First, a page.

My sister Libby's leg hurts. She's not a complainer, so it must really hurt. And her shoulder blade is cramping.
I laid in bed after morning prayers, pondering her pains and I had a moment of stinging understanding.
For the last number of years Lib hasn't really had to think much about exercise because her daily routine involved considerable weight lifting and aerobic motion. She lifted our mom and moved her and bathed her and entertained her every day and every night.
"Give me a hug", she'd tell our mom, and our mother's arms would go up around her neck and her fingers would lock into each other back there under Libby's thick sable hair. Lib's arms, at the same time, would work their way around Mom's ribs , her knees bent and positioned as if they were embracing Mom's knees, her back curled over Mom who sat looking up at her from her leather recliner. Lib braced, tightened her belly, sent her energy to her legs, pulled with her arms and hefted Mom into her wheel chair with a graceful half circle of a move. Then off they went, the wheels of Gram's chair rolling against the maple floor of the family room, up over the ridge of the garage door and down the ramp. Down Summerwood Road on a Springtime walk, stopping every twenty feet for a five minute conversation with neighbors. Or up to the passenger door of the van, repeating the same dance of devotion, Lib driving Mom up Route 89 then right at the canyon and up over Trapper's Loop, Mom's beloved Tabernacle Choir CD's making a soundtrack to the scenery. When Mom was alive Libby moved for two people, assisted by small black wheels now and again. Blessed wheels.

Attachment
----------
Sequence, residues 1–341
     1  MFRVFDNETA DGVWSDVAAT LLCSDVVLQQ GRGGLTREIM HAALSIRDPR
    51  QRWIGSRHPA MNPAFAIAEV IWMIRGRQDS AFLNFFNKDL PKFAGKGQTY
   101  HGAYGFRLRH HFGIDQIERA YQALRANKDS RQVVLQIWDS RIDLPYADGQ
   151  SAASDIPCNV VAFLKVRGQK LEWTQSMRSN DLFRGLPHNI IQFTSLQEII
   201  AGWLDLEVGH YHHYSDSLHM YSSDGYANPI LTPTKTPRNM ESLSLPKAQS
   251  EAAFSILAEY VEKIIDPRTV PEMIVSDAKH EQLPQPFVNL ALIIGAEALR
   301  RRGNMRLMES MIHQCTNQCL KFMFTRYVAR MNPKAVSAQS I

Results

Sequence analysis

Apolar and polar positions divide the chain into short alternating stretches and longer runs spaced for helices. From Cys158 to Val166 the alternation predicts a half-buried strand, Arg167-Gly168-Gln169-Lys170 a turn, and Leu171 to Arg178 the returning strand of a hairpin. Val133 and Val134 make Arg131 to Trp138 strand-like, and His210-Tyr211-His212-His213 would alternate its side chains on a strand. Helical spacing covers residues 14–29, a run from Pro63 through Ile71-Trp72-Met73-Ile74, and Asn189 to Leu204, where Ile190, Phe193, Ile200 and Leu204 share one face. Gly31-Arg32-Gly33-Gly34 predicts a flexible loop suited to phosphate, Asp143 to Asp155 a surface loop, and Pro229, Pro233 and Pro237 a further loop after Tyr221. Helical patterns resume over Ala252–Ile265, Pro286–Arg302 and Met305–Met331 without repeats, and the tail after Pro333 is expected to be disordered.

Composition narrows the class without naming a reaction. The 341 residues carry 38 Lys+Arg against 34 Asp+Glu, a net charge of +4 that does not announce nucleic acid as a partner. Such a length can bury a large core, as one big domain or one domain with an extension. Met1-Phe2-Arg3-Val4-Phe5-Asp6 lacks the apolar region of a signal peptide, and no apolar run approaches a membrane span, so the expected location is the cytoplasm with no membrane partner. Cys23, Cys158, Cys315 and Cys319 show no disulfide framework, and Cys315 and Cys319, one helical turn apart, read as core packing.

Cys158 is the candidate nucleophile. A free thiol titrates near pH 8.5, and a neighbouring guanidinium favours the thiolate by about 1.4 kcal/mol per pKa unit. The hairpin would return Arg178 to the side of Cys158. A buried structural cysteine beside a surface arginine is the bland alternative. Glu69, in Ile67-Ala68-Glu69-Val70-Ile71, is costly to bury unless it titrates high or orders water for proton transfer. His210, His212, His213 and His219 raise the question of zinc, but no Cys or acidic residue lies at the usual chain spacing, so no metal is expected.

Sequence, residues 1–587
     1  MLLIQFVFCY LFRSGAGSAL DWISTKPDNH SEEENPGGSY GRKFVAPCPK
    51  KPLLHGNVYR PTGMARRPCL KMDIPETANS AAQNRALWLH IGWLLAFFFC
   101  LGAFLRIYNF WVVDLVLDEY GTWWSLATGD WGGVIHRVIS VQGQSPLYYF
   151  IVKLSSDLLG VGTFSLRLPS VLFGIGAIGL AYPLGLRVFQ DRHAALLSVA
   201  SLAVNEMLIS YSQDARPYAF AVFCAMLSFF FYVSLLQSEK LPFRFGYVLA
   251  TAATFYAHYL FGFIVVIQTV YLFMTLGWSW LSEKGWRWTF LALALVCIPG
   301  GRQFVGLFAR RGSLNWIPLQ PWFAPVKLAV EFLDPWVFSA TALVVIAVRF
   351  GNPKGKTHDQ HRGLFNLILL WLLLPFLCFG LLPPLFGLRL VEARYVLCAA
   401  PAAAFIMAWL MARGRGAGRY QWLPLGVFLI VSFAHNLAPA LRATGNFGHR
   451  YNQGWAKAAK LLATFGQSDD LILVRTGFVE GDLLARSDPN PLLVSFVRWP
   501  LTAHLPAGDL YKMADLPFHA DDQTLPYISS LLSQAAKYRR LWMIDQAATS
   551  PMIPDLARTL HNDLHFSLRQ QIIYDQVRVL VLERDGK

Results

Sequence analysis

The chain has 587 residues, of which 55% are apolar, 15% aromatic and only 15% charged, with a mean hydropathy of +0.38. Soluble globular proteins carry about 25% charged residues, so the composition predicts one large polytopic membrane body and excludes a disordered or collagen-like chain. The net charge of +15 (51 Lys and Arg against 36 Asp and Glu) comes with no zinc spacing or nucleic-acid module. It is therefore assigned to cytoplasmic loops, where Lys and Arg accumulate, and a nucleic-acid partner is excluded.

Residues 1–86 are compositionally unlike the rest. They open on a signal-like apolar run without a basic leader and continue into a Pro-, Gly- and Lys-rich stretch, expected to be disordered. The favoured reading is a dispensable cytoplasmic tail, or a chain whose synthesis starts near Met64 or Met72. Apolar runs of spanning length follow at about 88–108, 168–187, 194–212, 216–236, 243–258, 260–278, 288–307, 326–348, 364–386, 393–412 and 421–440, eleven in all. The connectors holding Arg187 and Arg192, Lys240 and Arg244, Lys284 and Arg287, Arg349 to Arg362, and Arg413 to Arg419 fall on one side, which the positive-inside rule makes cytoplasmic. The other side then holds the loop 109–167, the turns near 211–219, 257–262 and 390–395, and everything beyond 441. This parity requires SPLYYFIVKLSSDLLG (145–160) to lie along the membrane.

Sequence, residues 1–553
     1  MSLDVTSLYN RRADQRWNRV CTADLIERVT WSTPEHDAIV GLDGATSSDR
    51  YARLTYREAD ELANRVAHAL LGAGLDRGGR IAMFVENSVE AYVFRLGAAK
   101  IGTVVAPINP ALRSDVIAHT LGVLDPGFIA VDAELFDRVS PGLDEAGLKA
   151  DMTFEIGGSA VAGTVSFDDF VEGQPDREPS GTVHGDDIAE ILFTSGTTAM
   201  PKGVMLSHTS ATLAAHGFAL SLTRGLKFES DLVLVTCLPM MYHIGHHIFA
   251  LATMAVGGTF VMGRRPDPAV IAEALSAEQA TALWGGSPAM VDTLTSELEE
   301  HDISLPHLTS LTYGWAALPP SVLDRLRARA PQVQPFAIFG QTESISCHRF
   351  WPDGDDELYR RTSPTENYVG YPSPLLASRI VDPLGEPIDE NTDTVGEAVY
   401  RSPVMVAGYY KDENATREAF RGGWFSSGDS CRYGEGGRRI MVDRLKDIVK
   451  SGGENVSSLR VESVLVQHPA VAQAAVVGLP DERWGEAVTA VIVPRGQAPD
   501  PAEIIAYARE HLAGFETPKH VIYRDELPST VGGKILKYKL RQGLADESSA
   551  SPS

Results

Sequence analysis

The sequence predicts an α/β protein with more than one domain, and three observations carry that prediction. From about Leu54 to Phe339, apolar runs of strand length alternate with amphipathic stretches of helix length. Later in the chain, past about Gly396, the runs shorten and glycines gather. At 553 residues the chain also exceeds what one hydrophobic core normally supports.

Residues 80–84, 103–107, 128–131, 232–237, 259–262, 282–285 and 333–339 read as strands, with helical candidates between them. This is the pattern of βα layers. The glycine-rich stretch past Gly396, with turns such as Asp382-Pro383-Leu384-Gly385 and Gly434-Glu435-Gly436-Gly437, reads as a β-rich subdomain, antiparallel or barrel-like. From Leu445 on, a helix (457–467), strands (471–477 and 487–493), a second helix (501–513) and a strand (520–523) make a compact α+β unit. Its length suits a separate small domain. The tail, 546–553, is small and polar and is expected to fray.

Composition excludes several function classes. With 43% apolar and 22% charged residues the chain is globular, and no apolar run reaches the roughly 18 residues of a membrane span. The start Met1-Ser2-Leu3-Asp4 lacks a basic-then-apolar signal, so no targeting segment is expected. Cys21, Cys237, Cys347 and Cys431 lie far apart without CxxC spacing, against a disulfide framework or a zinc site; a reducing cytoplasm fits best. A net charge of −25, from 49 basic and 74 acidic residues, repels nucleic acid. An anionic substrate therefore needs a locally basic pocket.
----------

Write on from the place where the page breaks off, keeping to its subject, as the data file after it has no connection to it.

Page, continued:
My mom's sister, when moving became difficult for her, refused to use a wheel chair. Instead she sat at home. Though our mom had her share of personal pride, she did not allow her infirmities and limitations to keep her from participating in this life. She said she had fought hard to be a part of this world, eons ago, and she wasn't about to let arthritic legs keep her from participating in it. She didn't love that she needed wheels, but she was grateful for them, and for Libby's good strong arms. Lib could flex her arms and legs and muscles would pop out like a body builder. She earned those muscles; earned them without thinking about making them. They were a fortunate consequence of her love.
Now Libby's leg hurts. Her muscles only work for one. I think they are sad.
I found these pictures today. When this blasted eternal winter finally ends we should put those wheels back to use, Sister!
(Can you hear those boys' laughter through this photo? We could build our laughter muscles, too!)